SEL Skills Articles

The Importance of Emotional Intelligence

Tears. Shouting. Pouting. Kicking. Screaming. More tears.  This perfectly describes the temper-tantrums I see in my 5-year old daughter, Madison.

emotional intelligence

Everything changed after I took Madison to see the Disney-Pixar movie, Inside Out.

I know my child isn’t the only who has temper-tantrums.  But, I still wonder, “What is going on with you, child?!”

I would patiently try to get to the root of the problems. I would talk to her.  Ask her questions. Generally, I felt lost in a world of irrationality in these conversions. (I use the term “conversation” liberally.)

Inside Out

Everything changed after we saw the Disney-Pixar movie, Inside Out.  The movie is about the inner workings of 5 core emotions (Anger, Disgust, Fear, Sadness, & Joy).  These emotions are portrayed as characters inside the brain of Riley, an 11-year old girl.

Inside Out delicately and accurately describes how our core emotions guide us.  We tend to think of anger, disgust, fear, and sadness as “negative” emotions, but in actuality they help us to process situations and guide us through tough times.  In fact, it’s Sadness that guides Riley to recognize the changes she is going through and what she has lost. This sets the stage for her to develop new parts of her identity.  Her sadness emotion helped her self-correct a bad path she was heading down.

Back to Madison…  As we walked out of the theater, she said with amazement, “Wow! My head feels soooo different.”  At first, I chuckled to myself. “That’s cute,” I thought.

Emotional Intelligence

Days later, Madison was on the verge of another temper-tantrum. “Oh boy, here we go…”  But, this time, it was different.  There were some tears and emotions, but she was more calm than usual. She explained that her brother was making her both sad and angry.

She was referencing Inside Out and describing the emotions she was feeling!  She was exhibiting Emotional Intelligence (self-awareness of her emotions).

Simply by naming her feelings, she seemed to have more control over them. She stayed reasonably calm. She could then talk about what was causing those feelings. Soon, she could talk about what to do about them. I noticed this happen a couple of times since. Then, noticed that the meltdowns have virtually stopped.

Madison’s experience is a perfect illustration that “emotional intelligence” doesn’t mean that we don’t experience emotions.  To ignore or suppress our emotions is not healthy.  But, having emotional intelligence allows us to have a high-level perspective of what’s happening; it allows us to analyze why we feel the way we do.

Instead of just exhibiting a reaction (like a temper-tantrum), the key question is “Why am I feeling this?”  As we begin to answer this question, we can begin to strategize positive and appropriate actions we can take to remedy the situation.  Taking action leads to changing feelings (just “willing” ourselves to change our feelings never works).

This will be a very helpful insight when Madison becomes a teenager. Adolescence can be rough.  Bodies are changing. Teens need to “discover” who they are and create their own identity.  Subconsciously, they need to “break away” from their parents.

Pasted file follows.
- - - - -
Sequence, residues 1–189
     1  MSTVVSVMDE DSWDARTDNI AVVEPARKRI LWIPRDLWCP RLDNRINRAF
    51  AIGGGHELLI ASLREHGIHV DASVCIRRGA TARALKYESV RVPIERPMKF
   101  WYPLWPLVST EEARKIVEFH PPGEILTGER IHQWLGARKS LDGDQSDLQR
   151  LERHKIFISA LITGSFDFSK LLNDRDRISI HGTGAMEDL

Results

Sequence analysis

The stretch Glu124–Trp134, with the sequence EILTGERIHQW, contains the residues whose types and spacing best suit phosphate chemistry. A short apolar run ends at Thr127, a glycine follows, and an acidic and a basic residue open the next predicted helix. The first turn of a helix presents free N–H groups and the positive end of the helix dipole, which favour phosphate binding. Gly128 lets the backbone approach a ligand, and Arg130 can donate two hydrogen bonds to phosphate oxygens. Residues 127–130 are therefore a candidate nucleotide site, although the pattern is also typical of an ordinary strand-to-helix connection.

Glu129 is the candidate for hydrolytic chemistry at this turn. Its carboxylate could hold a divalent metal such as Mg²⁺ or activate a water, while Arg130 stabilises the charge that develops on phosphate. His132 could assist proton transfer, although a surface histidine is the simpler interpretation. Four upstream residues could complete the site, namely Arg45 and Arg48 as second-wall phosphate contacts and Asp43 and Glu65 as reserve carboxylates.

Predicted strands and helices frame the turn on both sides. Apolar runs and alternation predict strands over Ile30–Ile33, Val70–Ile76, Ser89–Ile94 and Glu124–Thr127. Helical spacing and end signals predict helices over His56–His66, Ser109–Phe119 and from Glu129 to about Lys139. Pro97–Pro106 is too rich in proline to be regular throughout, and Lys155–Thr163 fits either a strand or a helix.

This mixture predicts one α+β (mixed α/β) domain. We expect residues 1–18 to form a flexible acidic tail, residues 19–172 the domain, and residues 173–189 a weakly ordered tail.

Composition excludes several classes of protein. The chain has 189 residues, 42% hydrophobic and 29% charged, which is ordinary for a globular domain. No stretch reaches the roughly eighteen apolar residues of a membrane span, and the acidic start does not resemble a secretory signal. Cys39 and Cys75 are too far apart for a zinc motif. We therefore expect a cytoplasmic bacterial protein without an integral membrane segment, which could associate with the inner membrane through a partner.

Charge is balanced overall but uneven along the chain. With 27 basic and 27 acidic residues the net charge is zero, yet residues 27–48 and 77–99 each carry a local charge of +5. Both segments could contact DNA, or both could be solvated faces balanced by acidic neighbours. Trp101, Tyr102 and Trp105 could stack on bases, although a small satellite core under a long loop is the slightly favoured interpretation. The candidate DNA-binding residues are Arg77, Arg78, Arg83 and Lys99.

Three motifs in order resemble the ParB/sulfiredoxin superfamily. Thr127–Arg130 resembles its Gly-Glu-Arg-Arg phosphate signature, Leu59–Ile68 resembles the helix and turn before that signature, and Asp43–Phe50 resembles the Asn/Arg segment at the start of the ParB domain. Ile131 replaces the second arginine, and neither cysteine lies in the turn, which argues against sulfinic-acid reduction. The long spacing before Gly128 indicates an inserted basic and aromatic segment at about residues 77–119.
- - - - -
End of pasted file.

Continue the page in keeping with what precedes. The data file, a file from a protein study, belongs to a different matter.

That’s a lot to handle and stirs up emotions that need processing.  But, what happens when we don’t process those emotions?

Those temper-tantrums morph into things like: “acting-out,” substance abuse (drugs & alcohol), and even suicide. 

In my hometown, we struggle with suicide at rates higher than the national average.  Every time it happens, I eventually hear the stories of struggles with substance abuse, school, and/or relationships.  In every case, I wonder if higher emotional intelligence would have helped that young adult process their feelings and lead to a much better outcome.

So, How Can We Foster/Teach Emotional Intelligence?

For starters, watch the movie Inside Out!  It worked for my 5 year-old daughter, so surely it will work for children (and adults) of all ages.  From there, as parents, teachers, and mentors, we can talk with students and guide them through processing their emotions.

How do you do that?1

  • Identify the emotion (name it).
  • Make sense of what caused the emotion/feeling to happen.
  • Think about how you feel having the emotion.  The goal is to accept how we are feeling.
  • Decide how to cope, use, or deal with the emotion.

Processing emotions isn’t reserved for handling “temper-tantrum” situations.  It’s also helpful to use emotional intelligence strategies to prepare ourselves to get into a learning mode.

Prior to doing homework, it’s helpful for students to process any emotions they’re still hanging onto from the school day.  This could be as simple as talking with your student after school.   Sometimes, parents can’t fill this role, but an aunt/uncle, grandparent, or mentor, can be very powerful in helping students debrief and clear out emotional luggage from the day.  If you can’t be that person for your child (don’t feel bad, most students resist their parents’ help), find someone your child can check-in with daily.

Are you an educator looking to teach your students social-emotional learning skills?  Sign up for our “How Do I Feel?” Curriculum Kit, that includes our complete module on feelings in the blue box on the right of this page.



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